Sometime last Millennium, Mr GCL visited Chelsea FC’s old training ground, Harlington, for the first time. To play for his university side against some Imperial College eggheads. Post uni, he returned as deputy ed of The Official Chelsea Magazine.
This side of the New Millennium, Mr Gran Canaria Local’s reinvented himself as a travel journo. Recently, though, he went along to UD Las Palmas‘ Barranco Seco (Dry Ravine). As Mrs GCL escorted kids, including our Alex, in her role as president of Pequeño Valiente. And it was a trip down memory lane for Mr GCL. Here’s why:
In Jose Mourinho’s first spell as Chelsea manager, January 2005 to be precise, the club left Harlington for state-of-the-art Cobham. Where there’s a secret entrance which connects the training ground to the local railway station. Security’s a lot tighter than Harlington where students used to dump Chelsea players’ possessions outside the changing room to clear the way for their own stuff.
Barranco Seco, which is open to all, feels as ramshackle as Harlington. Indeed, the sports facilities at next door’s private Heidelberg school appear to have received much more investment. Which only adds to Barranco Seco’s charm.
Mr Gran Canaria Local still plays football. Unfortunately, for his tender English skin, it’s on astroturf. When he moaned about this to a Hoya de la Plata team-mate, he was told that the pitches used to be gravel.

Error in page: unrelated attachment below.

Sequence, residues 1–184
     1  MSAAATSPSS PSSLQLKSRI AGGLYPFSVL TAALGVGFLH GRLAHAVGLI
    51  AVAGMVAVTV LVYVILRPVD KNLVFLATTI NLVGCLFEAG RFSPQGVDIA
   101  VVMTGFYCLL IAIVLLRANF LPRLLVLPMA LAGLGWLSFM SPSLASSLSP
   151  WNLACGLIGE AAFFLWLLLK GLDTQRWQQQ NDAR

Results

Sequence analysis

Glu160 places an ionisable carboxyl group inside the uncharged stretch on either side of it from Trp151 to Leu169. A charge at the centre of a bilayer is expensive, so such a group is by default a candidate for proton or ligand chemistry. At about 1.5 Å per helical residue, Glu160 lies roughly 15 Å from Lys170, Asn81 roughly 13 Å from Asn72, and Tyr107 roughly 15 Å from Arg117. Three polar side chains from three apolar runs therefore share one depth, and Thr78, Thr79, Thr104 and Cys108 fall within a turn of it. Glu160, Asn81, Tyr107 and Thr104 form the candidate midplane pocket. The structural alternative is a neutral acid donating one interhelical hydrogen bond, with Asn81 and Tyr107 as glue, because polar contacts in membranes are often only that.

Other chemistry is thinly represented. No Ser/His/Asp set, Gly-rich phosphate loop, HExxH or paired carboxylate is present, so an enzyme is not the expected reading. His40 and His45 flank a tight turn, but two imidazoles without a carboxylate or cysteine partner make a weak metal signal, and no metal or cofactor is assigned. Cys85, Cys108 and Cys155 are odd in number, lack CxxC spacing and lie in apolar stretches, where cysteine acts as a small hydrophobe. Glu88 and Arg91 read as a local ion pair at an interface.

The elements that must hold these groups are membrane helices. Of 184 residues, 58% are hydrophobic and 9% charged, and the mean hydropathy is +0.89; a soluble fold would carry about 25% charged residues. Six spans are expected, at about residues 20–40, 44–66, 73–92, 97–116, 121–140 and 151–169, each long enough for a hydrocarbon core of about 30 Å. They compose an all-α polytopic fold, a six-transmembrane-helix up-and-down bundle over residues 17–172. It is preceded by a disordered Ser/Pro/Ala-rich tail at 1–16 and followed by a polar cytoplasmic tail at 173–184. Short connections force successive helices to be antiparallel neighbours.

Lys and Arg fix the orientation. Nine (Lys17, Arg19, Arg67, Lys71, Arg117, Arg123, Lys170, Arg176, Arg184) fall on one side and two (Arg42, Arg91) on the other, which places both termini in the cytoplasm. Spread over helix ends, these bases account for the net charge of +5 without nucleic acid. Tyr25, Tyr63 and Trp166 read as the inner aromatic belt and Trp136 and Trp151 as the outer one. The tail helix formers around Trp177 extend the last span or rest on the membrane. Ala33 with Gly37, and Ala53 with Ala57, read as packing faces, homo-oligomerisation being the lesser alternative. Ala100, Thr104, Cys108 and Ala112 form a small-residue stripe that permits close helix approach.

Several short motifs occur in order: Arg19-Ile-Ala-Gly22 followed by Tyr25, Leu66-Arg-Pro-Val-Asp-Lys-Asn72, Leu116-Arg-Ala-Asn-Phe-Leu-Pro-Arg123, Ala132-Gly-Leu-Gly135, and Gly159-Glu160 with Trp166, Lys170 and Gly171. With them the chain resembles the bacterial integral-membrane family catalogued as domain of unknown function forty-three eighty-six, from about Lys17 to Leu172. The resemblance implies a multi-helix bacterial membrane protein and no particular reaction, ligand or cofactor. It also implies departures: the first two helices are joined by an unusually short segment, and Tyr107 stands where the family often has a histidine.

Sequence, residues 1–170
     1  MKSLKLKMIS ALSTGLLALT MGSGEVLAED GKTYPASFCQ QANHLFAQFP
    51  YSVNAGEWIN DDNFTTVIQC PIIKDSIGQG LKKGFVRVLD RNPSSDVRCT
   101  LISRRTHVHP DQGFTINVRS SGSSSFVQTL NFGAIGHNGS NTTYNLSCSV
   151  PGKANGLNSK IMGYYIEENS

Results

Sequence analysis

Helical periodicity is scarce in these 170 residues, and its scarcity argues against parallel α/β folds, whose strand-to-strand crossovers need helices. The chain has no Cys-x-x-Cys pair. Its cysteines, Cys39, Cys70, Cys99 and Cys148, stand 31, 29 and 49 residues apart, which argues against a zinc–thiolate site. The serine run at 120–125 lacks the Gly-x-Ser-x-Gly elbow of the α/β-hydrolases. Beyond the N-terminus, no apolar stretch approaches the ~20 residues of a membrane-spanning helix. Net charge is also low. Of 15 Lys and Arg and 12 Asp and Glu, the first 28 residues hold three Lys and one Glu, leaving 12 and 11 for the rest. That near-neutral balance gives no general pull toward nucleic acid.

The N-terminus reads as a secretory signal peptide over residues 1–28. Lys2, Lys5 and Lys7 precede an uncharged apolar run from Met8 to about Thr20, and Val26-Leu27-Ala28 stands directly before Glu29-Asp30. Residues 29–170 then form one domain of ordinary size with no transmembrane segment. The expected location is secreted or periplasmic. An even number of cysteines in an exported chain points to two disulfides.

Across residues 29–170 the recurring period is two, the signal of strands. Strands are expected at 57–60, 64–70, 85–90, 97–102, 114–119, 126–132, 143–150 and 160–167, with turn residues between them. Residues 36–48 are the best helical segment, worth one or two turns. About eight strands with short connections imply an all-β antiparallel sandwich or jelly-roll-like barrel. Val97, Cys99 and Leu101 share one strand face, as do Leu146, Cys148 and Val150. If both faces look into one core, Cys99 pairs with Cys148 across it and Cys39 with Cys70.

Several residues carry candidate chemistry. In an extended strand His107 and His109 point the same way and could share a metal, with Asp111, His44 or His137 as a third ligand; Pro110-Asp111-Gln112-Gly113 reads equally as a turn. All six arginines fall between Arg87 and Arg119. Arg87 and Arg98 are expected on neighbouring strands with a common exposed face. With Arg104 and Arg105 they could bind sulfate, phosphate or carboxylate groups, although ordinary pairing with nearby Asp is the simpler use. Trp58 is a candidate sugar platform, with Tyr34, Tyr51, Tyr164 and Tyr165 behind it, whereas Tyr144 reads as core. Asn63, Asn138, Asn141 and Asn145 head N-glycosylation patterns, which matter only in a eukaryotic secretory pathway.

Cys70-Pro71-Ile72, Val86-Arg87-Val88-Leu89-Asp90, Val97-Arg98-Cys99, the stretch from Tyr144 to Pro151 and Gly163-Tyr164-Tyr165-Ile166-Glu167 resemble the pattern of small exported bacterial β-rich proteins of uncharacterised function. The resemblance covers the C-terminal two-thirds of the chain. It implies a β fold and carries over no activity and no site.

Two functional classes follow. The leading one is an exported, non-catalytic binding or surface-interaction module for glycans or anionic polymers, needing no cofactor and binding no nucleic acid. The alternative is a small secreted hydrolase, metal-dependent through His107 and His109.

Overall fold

There are only three grass pitches on the island. At CD Maspalomas’s ground, UD Las Palmas’ Estadio Gran Canaria, and at Barranco Seco. So, Mr GCL transports himself back to the likes of Hackney Marshes as training ends and he steps onto 6,566 square metres of natural turf.
At Harlington, Mr GCL watched footballing wizard Gianfranco Zola stay behind after training to practise free kicks. At Barranco Seco, he’s left open mouthed by local hero Juan Carlos Valerón. Well into the winter of his career, Valerón’s the most gifted Spanish player of his generation.
There were also legends on the Chelsea backroom staff who Mr Gran Canaria Local ran into at Harlington. The likes of Gary Staker, a onetime steward promoted to Claudio Ranieri‘s translator thanks to Italian parents. At Barranco Seco, you’ll see the one-and-only Tino ‘el Escachao’ Vega. A goatherd aged nine, he’s now the club scout.
If Valerón and Vegan connect UD Las Palmas’ past with its present, watching the younger players from the club’s cantina gives hope for the future. After the heartbreak of the 2013-14 season‘s play-off defeat, UD Las Palmas sit pretty at the top of Segunda A. So visit Barranco Seco to watch the Primera Liga superstars of the (not so far-off) future.
Contact details: Barranco Seco S/N, 35015, Las Palmas de Gran Canaria.
Opening hours: UD Las Palmas train most weekdays at Barranco Seco from 10:00am until midday. For more exact times, consult their website.